- West Ham United vow life bans for any fans found guilty of inappropriate chanting
- Away supporters alleged to have aimed anti-Semitic chants at Tottenham fans
- English Football Association confirm they are to launch an investigation
- West Ham ban one season ticket holder after he was cautioned by police
West Ham United will ban fans for life if they are found to have aired anti-Semitic chants during their English Premier League clash with Tottenham Hotspur on Sunday.
The English Football Association (FA) has confirmed they have launched an investigation into chants from the stands during the match at White Hart Lane.
Tottenham have strong links with London's Jewish community and it is alleged West Ham's supporters sang songs about Adolf Hitler and referred to an incident last week which saw several Spurs fans stabbed in Rome.
West Ham confirmed two of their fans had been cautioned by police for "racially aggravated gesturing" on their official website.
"One of those fans has since been identified as a season ticket holder and has, this afternoon, been sent a letter containing a banning order from the club," they said. "Any other individuals identified can expect a similar swift and robust response."
It is the latest racism storm to engulf England's top flight, after recent high-profile cases involving Chelsea captain John Terry, who was banned for racially abusing an opponent.
Last week Chelsea's complaint of racist language towards one of their players from Premier League referee Mark Clattenburg was dismissed by the FA due to a lack of evidence.
A statement on the FA's website read: "The FA Governance Department has this morning contacted both clubs and will continue to make enquiries into the matter in the coming days.
"We note the statement issued by West Ham United FC and encourage clubs to identify and ban for life any individuals involved in incidents of abusive chanting.
"There is no place for anti-Semitism or any form of discrimination in football. The FA is committed to working with the clubs, Leagues, fans groups, the police, CPS and community stakeholders to play our part in addressing this unacceptable behavior."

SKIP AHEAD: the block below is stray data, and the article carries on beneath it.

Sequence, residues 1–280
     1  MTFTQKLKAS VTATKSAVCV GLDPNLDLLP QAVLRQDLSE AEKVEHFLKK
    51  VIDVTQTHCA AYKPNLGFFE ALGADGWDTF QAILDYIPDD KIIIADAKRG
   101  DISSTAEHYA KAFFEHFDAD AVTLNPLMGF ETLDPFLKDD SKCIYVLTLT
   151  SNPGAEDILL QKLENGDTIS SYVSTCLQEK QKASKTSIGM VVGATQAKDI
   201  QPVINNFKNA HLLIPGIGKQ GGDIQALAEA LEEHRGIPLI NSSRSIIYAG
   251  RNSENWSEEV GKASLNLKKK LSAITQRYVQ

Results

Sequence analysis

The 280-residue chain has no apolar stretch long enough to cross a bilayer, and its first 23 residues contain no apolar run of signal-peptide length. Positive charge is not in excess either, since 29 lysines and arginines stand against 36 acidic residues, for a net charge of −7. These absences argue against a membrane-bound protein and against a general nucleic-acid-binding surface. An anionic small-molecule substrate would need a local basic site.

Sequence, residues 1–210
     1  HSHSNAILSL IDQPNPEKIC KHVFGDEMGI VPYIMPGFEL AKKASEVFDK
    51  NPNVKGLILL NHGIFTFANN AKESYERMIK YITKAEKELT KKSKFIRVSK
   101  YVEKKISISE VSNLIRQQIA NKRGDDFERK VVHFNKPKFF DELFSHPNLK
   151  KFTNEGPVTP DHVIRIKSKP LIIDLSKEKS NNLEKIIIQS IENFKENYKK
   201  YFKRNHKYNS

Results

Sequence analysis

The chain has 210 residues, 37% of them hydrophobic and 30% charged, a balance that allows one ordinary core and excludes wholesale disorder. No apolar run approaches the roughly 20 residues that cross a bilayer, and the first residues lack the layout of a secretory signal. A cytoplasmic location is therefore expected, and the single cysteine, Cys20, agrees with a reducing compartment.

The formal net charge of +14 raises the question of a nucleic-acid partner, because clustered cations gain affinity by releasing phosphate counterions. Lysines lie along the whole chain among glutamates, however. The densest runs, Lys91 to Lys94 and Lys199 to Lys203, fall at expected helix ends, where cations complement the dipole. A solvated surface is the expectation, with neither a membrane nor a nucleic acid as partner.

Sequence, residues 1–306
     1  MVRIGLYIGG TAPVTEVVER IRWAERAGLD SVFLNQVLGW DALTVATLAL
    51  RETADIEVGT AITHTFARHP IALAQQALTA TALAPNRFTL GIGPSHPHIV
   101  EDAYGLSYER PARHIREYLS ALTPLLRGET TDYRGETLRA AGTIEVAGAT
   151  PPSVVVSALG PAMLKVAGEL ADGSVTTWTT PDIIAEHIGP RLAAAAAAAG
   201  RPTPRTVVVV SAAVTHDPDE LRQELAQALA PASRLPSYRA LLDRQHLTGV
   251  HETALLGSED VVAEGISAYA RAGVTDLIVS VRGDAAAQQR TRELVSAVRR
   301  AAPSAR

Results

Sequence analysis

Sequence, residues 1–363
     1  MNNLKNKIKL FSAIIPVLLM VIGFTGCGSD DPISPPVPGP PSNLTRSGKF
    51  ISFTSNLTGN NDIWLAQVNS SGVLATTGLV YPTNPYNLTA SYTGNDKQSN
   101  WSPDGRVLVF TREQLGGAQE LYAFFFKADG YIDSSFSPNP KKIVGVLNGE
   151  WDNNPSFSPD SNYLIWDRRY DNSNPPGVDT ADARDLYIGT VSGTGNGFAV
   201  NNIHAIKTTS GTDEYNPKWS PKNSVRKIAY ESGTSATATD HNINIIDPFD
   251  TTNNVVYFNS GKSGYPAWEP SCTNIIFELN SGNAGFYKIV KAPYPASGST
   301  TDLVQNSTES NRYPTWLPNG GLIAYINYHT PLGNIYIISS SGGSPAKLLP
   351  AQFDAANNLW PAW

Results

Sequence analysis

West Ham's Israeli midfielder Yossi Benayoun took to micro-blogging site Twitter to express his dismay at the chanting.
He wrote: "I have a great relationship with the West Ham United supporters, from my first spell at the club and again now I am back on loan here, this why I was very disappointed to hear some of the songs yesterday and it was embarrassing.
"But we need to remember that it was made by a minority group of fans and I'm sure the FA together with West Ham United football club will do everything to find and punish them."
Ahead of Tottenham's Europa League clash with Lazio in Rome last week, a group of their supporters were attacked while drinking in a bar in the city center.
During the match Lazio's fans were alleged to have sung anti-Semitic songs, prompting Tottenham coach Andre Villas-Boas to call on European football's governing body UEFA to act.
Lazio were fined $50,000 in October over racist chanting towards a trio of Tottenham players who are black.
The FA called on UEFA to sanction Serbia after another Tottenham player, Danny Rose, was reported to have been subjected to monkey chants while on duty with England's under-21 team.
Tottenham's close association with the Jewish community has led to some of their fans to identifying themselves as "Yids", a term which at different times throughout history has been used by Jews and also to abuse them.
A portion of the Spurs' support have attempted to "reclaim" the word, using terms like "Yiddo" and calling themselves the "Yid Army."
Peter Herbert, chairman of the Society of Black Lawyers, who referred Chelsea's complaint over Clattenburg to the police, said they were prepared to do the same for this incident.
He told CNN: "We're in discussions with the Metropolitan Police, I understand the FA have already reported it which they should do with such incidents.
"There has to be zero tolerance, if these people can be identified they should be prosecuted and banned from football.
"We've been in conversation with the Met Police this morning and we're waiting for a few more complaints to come in from the Jewish community and we'll make the formal complaint that this should be investigated as a racial incident."
West Ham vowed to track down and ban any more of their supporters who were at fault during Sunday's match.
"West Ham United are in contact with Tottenham Hotspur to assist them with their investigation into the conduct of a small number of supporters and alleged inappropriate chanting during yesterday's match at White Hart Lane," a statement read.
"The majority of West Ham supporters went there and supported their team in the proper fashion. They were let down by a tiny minority.
"West Ham United will take the strongest possible action against any of their supporters, including enforcing life bans from the club, that are found guilty of behavior which is categorically not condoned by West Ham United."